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California Schools Bracing for Covid-Fueled Budget Ax

Facing a possible $54 billion deficit caused by the Covid-19 pandemic and California's response to it, Governor Gavin Newsom has proposed a 19% cut to K-12 education that school districts up and down the state are already warning will be impossible to shoulder.

SACRAMENTO, Calif. (CN) — With tax collections at a standstill due to the coronavirus pandemic, the bleak education cuts headlining California Governor Gavin Newsom’s budget bill last week hardly surprised employees at the state’s 10,000 schools. But news of a multibillion-dollar shortfall slated for K-12 schools nonetheless jarred an embattled education system still recovering from the last global financial crisis.

Making matters worse, Newsom’s proposed cuts come as districts have been forced to take on unprecedented loads: schools are scurrying to provide millions of students with lunches and laptops while figuring out how to shift to online learning on the fly. Some districts, including the state’s three largest, claim the governor’s cuts could delay the start of the next school year.   

The pandemic-induced recession along with the staggering task of prepping teachers and campuses for social distancing learning has administrators and lawmakers prepping for a storm of cuts likely to rival the Great Recession.

“The type of numbers we’re looking at, there’s really no way to reduce our budget without impacting people,” said Kevin Bultema, assistant superintendent at Chico Unified School District.

Budget woes & Newsom’s fix

During a 75-minute press conference last week, Newsom ran through the state’s suddenly torched finances and announced across-the-board cuts due to what his administration believes is a $54 billion deficit.

There were few winners in the revised budget, but the largest loser was without a doubt the state’s 1,000 local school districts and their 6 million students. Compared to Newsom’s robust January proposal, the May revision calls for a 19% reduction in funding for K-12 education.   

The precipitous decrease is spurred largely by slowed income, corporate and sales tax revenues that drive the state budget and are constitutionally tied to education funding.

In the late 1980s, voters seeking to level the playing field and prop underfunded school districts approved an initiative that guarantees minimum funding levels for K-12 and community colleges. The formula created by Proposition 98 effectively mandates the state dedicate 40% of its General Fund to schools.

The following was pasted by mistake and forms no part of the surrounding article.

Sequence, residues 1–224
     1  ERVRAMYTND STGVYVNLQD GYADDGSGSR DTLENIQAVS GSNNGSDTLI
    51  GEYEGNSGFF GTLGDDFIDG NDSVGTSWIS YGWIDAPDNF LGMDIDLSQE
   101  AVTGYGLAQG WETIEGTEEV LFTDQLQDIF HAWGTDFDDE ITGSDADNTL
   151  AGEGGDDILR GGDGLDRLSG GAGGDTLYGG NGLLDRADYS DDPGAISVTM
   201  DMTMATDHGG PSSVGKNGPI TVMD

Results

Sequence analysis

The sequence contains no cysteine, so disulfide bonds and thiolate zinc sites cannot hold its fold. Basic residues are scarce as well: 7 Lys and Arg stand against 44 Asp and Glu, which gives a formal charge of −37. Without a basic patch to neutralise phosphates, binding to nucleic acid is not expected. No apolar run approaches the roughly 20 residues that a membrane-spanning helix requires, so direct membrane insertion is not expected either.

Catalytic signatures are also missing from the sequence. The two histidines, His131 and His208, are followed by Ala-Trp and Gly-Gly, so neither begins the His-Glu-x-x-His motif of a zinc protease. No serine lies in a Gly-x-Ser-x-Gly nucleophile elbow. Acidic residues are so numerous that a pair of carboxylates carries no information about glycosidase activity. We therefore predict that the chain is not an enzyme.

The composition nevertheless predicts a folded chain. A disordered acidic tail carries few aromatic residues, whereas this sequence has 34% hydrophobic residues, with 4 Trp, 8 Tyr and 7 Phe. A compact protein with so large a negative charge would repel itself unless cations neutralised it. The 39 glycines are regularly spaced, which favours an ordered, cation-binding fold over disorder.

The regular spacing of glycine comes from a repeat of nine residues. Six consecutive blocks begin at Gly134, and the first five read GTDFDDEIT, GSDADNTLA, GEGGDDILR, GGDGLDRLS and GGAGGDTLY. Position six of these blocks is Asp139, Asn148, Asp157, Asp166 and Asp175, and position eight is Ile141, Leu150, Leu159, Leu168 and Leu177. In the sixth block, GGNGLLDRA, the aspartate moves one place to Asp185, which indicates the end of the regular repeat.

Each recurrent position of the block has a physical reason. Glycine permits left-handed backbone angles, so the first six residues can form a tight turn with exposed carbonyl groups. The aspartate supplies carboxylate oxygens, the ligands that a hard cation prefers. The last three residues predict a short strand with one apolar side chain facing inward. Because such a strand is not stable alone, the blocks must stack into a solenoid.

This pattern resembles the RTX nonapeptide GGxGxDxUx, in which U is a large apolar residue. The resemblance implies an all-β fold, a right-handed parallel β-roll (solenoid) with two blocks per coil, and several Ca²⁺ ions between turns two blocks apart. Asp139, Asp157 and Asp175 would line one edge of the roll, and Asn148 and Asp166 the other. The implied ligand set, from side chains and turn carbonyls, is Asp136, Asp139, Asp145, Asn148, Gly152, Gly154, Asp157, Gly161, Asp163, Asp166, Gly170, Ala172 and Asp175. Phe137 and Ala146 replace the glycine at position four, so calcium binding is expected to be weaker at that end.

With the economy at a standstill and tax collections delayed, the May proposal assumes a 22% drop in revenue compared to the January plan. Furthermore, the troubling decline equals a $19 billion cut in required Proposition 98 funding

California Gov. Gavin Newsom speaks at a news conference at the Governor's Office of Emergency Services in Rancho Cordova, Calif. (AP Photo/Rich Pedroncelli,File)

Hoping to brace schools, Newsom has proposed a variety of actions to backfill the loss and bring education funding to the minimum level required. He wants to pull $4.4 billion from the state’s slice of the federal pandemic relief, commit to increasing education spending in subsequent years 1.5% above the minimum guarantee, allow districts to temporarily reduce their pension obligations and slash most of the new education programs introduced in the January blueprint.

The overriding crutch of Newsom’s plan, however, is the federal government: he acknowledges the education cuts would be “devastating” but claims they can be largely avoided if Congress and President Donald Trump send the states more relief.

“The federal government, we need you; these cuts can be negated and dismissed with your support. This is your moment,” Newsom said this month.

Schools on life support

The stunning reversal — Newsom had proposed record education spending in his ill-fated January plan — has districts of all sizes staring down budget deficits and layoffs.

Located in Northern California’s agricultural rich Sacramento Valley, Chico Unified School District spans 23 schools and boasts 12,000 students. The district, which is operating on a $150 million budget, expects to lose up to $12 million in state funding.